Because Writers Write is your one-stop writing resource, we’ve put together these cheat sheets to help you with your body language descriptions.
What Is Body Language?
People react to situations with micro-expressions, hand gestures, and posture. Most of us are not even aware of them. However, what we do with our body language has a huge impact on other people and how they interpret and perceive us.
‘Even when they don’t express their thoughts verbally, most people constantly throw off clues to what they’re thinking and feeling. Non-verbal messages communicated through the sender’s body movements, facial expressions, vocal tone and volume, and other clues are collectively known as body language.’ (Psychology Today)
Body language happens when we are doing something. We could be sitting, standing, or walking. We could be talking or thinking. Body language is often an involuntary reaction to something perceived by one of the five senses.
How To Use It In Writing
Using body language is one of the best ways to show and not tell when we write.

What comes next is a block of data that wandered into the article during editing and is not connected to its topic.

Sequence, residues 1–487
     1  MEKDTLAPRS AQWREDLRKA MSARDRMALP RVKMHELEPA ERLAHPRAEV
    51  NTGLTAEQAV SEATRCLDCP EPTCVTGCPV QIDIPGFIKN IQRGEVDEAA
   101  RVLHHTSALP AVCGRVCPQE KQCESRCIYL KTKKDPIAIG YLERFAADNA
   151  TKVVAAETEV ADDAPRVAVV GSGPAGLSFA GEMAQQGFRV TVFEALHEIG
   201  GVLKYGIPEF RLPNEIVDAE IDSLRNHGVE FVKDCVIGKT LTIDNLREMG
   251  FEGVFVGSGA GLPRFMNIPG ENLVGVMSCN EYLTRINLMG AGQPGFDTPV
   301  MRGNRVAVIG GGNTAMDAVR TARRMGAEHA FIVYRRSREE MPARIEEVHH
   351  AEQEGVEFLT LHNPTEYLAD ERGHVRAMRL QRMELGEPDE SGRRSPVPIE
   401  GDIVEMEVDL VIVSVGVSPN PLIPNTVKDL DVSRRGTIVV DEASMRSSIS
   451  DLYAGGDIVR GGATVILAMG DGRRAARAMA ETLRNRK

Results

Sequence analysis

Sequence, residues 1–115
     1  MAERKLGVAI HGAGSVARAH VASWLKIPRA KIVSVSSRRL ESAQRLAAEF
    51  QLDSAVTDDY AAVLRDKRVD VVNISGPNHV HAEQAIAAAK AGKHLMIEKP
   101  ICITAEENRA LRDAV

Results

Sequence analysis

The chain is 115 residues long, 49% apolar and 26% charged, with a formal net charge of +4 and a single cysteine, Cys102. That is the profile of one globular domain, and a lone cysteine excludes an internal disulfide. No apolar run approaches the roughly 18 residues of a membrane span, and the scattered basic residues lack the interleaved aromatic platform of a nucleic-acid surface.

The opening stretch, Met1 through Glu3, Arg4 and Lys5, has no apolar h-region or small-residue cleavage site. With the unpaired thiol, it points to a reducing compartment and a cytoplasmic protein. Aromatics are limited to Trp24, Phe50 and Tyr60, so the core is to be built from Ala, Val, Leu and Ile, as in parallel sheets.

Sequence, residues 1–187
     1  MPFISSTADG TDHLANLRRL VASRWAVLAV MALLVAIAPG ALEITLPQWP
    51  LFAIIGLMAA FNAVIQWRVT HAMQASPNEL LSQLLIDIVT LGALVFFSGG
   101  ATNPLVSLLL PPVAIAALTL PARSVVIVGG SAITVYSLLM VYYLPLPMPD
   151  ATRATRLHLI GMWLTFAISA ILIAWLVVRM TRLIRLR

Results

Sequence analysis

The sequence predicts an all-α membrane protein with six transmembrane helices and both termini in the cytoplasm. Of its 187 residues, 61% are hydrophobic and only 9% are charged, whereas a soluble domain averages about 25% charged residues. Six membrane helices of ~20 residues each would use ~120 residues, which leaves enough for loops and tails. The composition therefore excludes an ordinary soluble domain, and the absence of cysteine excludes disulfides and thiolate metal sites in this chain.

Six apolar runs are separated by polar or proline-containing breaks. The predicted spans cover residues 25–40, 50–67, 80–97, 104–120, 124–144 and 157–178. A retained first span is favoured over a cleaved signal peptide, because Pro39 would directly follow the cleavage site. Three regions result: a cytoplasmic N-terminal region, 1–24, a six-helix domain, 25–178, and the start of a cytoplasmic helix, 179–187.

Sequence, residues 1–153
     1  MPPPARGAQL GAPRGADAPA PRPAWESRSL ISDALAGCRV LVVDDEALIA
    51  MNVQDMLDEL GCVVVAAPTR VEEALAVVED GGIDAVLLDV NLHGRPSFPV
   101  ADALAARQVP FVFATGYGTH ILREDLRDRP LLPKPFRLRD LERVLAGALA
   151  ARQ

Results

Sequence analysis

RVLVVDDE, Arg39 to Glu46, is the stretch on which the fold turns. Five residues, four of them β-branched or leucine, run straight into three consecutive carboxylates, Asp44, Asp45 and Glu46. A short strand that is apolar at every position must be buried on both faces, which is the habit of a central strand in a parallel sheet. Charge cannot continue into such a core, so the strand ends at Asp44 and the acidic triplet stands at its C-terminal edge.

This is why we are always told to use body language in our writing. Sometimes, it’s easier said than written. So, I created these cheat sheets to help you show a character’s state of mind through his or her body language.
When you are completing your character biographies, be sure to include how your main characters move and talk. This is especially important for your protagonist, antagonist, confidant, and love interest. They are the characters that hold the story together and they should be as well-rounded and believable as possible.
The Top Five Tips For Using Body Language
- Use body language to add depth to dialogue.
- Use it because more than 50% of human communication is non-verbal.
- Use it to show how your character’s emotions affect his or her actions.
- Use it to help you show rather than tell your reader everything.
- Use it in moderation. If overused, it can slow your story down.
Cheat Sheets For Writing Body Language
Use this list to help you with your body language descriptions. It will help you to translate emotions and thoughts into written body language.
Obviously, a character may exhibit a number of these behaviours. For example, he or she may be shocked and angry, or shocked and happy.
Use these combinations as needed.
Top Tip: If you want to learn how to write a book, sign up for our online course.
by Amanda Patterson
© Amanda Patterson
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